first published on January 24, 2018 by Will
Turkey worked out an agreement with Russia that allows Ankara to pull their jihadist HTS al Qaeda fighters out of contested Idlib and relocate them to fight against the YPG Kurds in Afrin.
By doing so, the Russian-backed Syrian government will ultimately regain control of Idlib governorate as the jihadists move out to Afrin. As a second benefit to Assad, thousands of these al Qaeda fighters are likely to be killed by the YPG in Turkey’s “Olive Branch” operation and will no longer pose as large of a threat to the Syrian government in the future.
Although the YPG is allied with the United States through the Syrian Democratic Forces (SDF), the US is once again betraying the Kurds, saying that the YPG fighters of Afrin were not part of the anti-ISIS coalition that liberated much of the Syrian countryside from the terror group, and therefore won’t be supported by the US. America has only so far “condemned” the operation.
The YPG Kurds of Afrin had previously been partnered with Russian special forces, but the Russians have since pulled their troops to allow Turkey to bomb Kurdish cities as part of their offensive operation.
The Russians told the Kurds that if they surrender Afrin to the Syrian government, they would put a stop to the Turkish operation. The YPG refused.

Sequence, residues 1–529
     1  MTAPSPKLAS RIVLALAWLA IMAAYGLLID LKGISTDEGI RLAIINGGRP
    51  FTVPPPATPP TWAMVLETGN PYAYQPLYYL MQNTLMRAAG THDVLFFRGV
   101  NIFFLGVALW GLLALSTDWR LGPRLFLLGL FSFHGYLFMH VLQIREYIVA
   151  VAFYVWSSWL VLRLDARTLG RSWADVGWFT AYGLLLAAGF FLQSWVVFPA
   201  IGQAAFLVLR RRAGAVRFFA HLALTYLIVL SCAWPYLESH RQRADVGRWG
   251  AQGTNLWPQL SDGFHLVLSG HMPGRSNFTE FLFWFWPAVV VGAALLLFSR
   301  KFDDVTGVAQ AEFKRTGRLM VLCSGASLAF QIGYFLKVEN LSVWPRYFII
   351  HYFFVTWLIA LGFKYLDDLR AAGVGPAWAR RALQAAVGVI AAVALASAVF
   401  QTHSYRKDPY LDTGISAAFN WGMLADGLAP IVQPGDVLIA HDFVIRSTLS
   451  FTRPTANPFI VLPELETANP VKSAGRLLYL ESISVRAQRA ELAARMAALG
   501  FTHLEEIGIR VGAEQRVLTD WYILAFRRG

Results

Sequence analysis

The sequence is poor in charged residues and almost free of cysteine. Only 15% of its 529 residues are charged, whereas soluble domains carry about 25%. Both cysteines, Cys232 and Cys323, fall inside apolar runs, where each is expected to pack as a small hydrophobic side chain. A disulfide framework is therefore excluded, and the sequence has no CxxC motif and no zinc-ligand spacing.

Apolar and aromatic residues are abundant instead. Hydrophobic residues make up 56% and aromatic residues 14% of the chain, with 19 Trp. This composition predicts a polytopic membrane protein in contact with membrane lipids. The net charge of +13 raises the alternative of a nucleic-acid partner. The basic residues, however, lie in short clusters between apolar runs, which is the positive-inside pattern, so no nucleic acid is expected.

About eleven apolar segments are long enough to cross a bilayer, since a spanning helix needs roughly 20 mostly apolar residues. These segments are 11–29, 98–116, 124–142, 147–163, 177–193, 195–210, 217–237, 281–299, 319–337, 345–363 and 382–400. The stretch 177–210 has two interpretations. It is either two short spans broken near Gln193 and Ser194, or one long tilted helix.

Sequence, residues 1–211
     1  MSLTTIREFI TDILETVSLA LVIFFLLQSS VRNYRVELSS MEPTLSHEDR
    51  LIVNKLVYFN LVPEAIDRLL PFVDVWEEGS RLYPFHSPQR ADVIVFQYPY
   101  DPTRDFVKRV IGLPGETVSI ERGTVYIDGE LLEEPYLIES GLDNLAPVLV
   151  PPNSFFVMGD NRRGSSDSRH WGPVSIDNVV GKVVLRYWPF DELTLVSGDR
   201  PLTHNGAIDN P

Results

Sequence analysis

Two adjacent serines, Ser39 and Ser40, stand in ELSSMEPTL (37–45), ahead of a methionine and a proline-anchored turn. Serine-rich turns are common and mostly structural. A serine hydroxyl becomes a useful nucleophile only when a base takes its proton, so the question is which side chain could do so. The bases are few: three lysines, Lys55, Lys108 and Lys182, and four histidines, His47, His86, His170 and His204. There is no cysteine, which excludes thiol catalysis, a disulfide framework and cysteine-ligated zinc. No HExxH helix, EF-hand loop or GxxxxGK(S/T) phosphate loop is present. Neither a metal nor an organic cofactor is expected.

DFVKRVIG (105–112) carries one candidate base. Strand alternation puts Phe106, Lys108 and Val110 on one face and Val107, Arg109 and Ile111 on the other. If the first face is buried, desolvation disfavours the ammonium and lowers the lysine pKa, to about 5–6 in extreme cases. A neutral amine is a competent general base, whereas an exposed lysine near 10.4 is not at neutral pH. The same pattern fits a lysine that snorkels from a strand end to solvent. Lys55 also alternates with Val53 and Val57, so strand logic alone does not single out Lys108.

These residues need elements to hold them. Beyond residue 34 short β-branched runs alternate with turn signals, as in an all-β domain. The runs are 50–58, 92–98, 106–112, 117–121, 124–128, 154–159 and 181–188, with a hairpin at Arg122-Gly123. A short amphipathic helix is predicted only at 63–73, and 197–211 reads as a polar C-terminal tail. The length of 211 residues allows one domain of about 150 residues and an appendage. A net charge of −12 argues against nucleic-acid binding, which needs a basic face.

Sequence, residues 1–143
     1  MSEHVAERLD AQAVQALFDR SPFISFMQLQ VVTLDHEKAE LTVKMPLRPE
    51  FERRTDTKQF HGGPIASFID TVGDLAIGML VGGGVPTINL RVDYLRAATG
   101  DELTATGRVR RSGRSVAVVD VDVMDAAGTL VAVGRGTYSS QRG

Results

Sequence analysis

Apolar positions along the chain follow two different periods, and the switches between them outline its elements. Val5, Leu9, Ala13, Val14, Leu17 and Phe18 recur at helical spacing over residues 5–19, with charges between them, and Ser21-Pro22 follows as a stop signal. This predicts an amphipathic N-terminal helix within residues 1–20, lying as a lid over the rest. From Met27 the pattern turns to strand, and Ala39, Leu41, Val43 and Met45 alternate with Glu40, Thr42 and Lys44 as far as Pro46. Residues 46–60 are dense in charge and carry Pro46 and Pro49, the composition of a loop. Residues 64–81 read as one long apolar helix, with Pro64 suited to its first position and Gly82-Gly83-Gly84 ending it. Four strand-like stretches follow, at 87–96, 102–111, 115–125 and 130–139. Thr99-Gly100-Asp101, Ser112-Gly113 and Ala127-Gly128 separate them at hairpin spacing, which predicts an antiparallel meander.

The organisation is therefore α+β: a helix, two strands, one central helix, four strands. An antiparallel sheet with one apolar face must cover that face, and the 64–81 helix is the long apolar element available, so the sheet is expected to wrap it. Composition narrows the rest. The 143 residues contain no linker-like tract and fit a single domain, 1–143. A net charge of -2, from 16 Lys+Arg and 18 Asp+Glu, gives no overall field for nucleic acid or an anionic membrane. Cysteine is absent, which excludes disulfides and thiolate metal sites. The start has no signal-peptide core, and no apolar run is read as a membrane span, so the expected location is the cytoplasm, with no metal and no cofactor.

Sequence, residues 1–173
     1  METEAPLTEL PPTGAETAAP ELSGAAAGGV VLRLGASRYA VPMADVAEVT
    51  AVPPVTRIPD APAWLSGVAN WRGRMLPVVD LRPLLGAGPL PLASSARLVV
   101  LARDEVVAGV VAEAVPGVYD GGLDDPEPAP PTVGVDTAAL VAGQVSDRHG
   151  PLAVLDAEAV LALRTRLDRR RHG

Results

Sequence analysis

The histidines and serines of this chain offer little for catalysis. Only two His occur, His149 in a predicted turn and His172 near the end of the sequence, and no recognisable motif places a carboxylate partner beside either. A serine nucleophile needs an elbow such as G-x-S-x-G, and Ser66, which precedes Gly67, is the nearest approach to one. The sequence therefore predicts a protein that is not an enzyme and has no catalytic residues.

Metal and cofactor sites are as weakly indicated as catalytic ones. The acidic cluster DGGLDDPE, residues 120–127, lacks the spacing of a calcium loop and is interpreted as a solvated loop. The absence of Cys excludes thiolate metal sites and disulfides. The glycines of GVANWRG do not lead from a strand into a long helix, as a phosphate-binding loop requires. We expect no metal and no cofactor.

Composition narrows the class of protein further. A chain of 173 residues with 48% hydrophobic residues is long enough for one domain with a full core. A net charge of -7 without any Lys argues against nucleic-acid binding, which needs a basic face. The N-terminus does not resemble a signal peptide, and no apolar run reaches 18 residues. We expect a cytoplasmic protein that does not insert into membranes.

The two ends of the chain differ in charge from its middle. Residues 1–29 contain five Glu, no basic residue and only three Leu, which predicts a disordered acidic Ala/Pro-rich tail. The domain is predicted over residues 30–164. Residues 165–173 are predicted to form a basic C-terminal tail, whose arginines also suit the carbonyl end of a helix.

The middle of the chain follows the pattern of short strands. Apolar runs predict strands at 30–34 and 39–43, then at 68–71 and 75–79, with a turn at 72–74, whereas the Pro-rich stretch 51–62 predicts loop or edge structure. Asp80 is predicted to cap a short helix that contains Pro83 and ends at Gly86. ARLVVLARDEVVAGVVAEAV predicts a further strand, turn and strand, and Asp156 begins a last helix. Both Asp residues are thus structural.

Ankara bussed several thousand rebel fighters out of Idlib, back to Turkey to be rearmed and refitted before sending them into Afrin. Turkey is using the exhausted guise of the Free Syrian Army (FSA) to label their proxy force, when in reality, the militants are composed of ISIS commanders, HTS (al Qeada), and the hardline Nour Adin az Zanki jihadist groups… among others. Even Ahmed Hussein al-Shar’a A.K.A. Abu Mohammad al-Julani, the leader of al Qaeda in Syria gave his blessing to the operation via an HTS press release.
So to clarify: Turkey, a NATO member, is commanding al Qaeda in an operation against the most effective anti terror force in Syria, the Kurdish YPG.
So far, the Turkish military has conducted hundreds of airstrikes, carried out sustained artillery against Kurdish cities, and have cut off fuel supplies to the region, but have actually captured very little ground.
The YPG has resorted to small team guerrilla tactics and has successfully pushed back several jihadist assaults. Elite Iraqi Kurdish special forces groups, CTG2 and CTU, condemned the Iraqi Kurdish political parties for remaining silent on the Turkish invasion. Some of the operators took leave to join the fight in Afrin.